How do you start your day? What is the prayer of your heart? I look forward to hearing from you.

Teen Issues: Dating, Courtship … OR?

Guard your heart
Guard your heart

casual couple smiling

Our eldest daughter is 15. Recently our discussions with her have centred around dating. We’ve had some good talks, but we haven’t come to an agreement on when we will allow her to start dating.

Here are some questions we’ve been discussing:

  • What is your definition of dating?
  • What is the goal of dating?
  • How old do you want to be when you get married?
  • How long do you think it is reasonable to date before you get married?
  • What kind of man do you want to marry? (What qualities are you looking for in a husband?)
  • Does the guy you want to date have the ability and desire to provide for you and any children you may have in the future?

Here are some resources we’re exploring:

My husband and I chose not to date multiple people before we were married. We also chose to set our standards high – we did not kiss each other until our wedding day. We have no regrets. However, we realize there are other godly people who made other choices. We also know that we can encourage and teach our kids, but ultimately they will have to make their own choices and face their own consequences in life. We pray for wisdom in this and other parenting issues!

If you have suggestions, we’d enjoy hearing them.

My Take-aways from Breakforth 2013

This past weekend my husband and I had the incredible privilege of attending Break Forth 2013 in Edmonton. The first bonus was having a weekend away with my husband. The second bonus was being surrounded by 15,000 other people who love Jesus Christ and want to serve Him.

On Friday I attended the Social Media intensive course taught by Marie Page of Musicademy. If you want details of the session, check out the slideshare. I appreciated the opportunity to learn how to use a Facebook Page more effectively and plan to try out some of the ideas on the InScribe page.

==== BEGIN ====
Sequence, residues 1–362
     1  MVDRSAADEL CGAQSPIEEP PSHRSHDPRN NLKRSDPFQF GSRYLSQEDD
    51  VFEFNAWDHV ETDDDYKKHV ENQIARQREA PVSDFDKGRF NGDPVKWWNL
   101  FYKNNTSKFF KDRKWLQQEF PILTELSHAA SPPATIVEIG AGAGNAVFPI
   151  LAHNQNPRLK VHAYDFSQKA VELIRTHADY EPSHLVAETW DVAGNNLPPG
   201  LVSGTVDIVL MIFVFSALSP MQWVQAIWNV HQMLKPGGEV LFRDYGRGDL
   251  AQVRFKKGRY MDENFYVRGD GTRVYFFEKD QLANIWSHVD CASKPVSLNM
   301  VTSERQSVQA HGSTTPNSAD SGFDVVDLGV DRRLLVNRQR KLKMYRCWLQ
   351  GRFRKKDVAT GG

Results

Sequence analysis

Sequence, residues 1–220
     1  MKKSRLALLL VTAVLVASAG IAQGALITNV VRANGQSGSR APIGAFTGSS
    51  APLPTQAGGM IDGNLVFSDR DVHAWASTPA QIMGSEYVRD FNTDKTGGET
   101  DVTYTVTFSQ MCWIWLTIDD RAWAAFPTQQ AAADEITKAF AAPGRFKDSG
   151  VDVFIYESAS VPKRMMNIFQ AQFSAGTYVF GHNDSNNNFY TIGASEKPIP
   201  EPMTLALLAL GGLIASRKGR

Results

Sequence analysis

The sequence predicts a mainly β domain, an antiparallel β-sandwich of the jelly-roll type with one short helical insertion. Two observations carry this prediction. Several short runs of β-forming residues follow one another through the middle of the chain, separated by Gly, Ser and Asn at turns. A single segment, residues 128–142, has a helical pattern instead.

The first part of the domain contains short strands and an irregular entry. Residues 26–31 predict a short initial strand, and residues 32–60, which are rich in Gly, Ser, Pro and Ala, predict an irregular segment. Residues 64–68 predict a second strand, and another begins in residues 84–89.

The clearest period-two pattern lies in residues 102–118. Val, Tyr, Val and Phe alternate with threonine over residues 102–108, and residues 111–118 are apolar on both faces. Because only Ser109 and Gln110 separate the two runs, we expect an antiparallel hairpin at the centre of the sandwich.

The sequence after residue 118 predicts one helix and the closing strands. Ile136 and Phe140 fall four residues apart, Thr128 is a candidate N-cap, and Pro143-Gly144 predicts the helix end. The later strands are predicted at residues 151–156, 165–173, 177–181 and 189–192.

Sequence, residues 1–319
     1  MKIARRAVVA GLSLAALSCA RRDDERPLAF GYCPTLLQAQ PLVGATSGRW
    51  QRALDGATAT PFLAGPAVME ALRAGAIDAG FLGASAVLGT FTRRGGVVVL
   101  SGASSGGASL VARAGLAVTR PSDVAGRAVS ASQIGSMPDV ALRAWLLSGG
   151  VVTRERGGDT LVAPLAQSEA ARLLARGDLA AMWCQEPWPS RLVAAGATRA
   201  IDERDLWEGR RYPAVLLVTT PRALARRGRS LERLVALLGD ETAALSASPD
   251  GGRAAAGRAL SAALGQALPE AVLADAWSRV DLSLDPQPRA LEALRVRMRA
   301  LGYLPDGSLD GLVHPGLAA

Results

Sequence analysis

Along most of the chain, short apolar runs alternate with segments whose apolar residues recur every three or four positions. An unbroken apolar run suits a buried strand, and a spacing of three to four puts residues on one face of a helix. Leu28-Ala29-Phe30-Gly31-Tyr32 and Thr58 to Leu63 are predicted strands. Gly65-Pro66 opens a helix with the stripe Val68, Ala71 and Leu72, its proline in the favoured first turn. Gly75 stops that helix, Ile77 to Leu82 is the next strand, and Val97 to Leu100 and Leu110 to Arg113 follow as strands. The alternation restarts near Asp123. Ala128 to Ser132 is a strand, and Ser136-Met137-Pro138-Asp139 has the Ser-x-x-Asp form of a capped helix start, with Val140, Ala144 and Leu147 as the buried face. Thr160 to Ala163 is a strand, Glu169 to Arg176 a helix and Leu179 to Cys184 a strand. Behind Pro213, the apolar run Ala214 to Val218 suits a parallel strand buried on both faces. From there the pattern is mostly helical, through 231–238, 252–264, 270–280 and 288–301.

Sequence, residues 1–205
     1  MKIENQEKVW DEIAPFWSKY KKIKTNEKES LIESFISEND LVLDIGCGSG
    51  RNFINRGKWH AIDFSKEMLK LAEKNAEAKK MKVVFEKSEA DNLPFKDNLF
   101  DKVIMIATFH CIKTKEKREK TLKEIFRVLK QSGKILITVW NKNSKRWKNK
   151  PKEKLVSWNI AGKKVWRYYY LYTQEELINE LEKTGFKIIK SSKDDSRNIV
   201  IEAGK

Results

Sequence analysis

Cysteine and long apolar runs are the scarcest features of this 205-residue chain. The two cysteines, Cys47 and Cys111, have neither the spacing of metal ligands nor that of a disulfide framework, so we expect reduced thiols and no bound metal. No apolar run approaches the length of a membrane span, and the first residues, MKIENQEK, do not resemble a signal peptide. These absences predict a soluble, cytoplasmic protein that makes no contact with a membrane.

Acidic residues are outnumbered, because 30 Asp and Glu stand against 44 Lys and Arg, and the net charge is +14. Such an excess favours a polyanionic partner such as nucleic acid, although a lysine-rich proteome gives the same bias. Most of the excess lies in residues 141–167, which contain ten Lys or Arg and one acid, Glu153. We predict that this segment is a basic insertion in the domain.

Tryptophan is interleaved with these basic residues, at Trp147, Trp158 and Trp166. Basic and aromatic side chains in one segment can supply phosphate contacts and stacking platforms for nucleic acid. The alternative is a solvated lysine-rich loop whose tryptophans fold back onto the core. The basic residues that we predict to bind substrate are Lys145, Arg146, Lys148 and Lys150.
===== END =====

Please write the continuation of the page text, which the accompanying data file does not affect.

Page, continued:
Break Forth poster
Break Forth 2013

One of the main session speakers was Francis Chan. I really appreciated his honesty. Here are some of my favourite quotes from the session:

“In Scripture, the times God came through are the times when the people were living by faith, out in their world. We are to be HIS witnesses. If we are not out being witnesses, we won’t experience His power. When was the last time you share your faith? Are you out making disciples?”

“Am I more concerned about my friendship with someone than I am about his eternal destiny?”

“Are you spending too much time in church and not enough time out in the world making disciples?”

For the workshop sessions I chose the Children’s Ministry “track”. Roger Theimer from King of Kings in Omaha, Nebraska taught all the sessions:

1. Training Volunteers – ideas on ways to train Sunday School teachers and other staff using an online system.

2. Preteen Retreats about Sex – Father/Son and Mother/daughter retreat ideas to prepare grade 5/6 kids for adolescence.

3. Teaching Kids to Serve – Mentoring kids and teaching them to serve Jesus by serving their community.

4. Develop a “Faith-at-Home” Culture – providing training, support, and encouragement for parents to share their faith in practical ways at home so that faith becomes a way of life, not something you just “do” on Sundays.

5. Transform Sunday School – ideas for making Sunday School something kids look forward to every week.

If you want more information, check out the Kids Kount Publishing website. I appreciated the practical nature of these sessions and am looking forward to trying out some of the ideas.

Choosing to Rejoice

I was rinsing dishes my youngest son was washing for the third time because he didn’t get them clean the first two times. In my mind I was reluctantly going over my “to do” list for the day—washing clothes, folding clothes, baking, cleaning, cooking …. The phone rang.

It was Marie. She wanted to talk to my husband, who wasn’t home. As we continued talking she said, “I’m really looking forward to vacuuming today. It’s been almost a year since I moved into my place after living in a car for months. I’m glad I have rugs to vacuum!”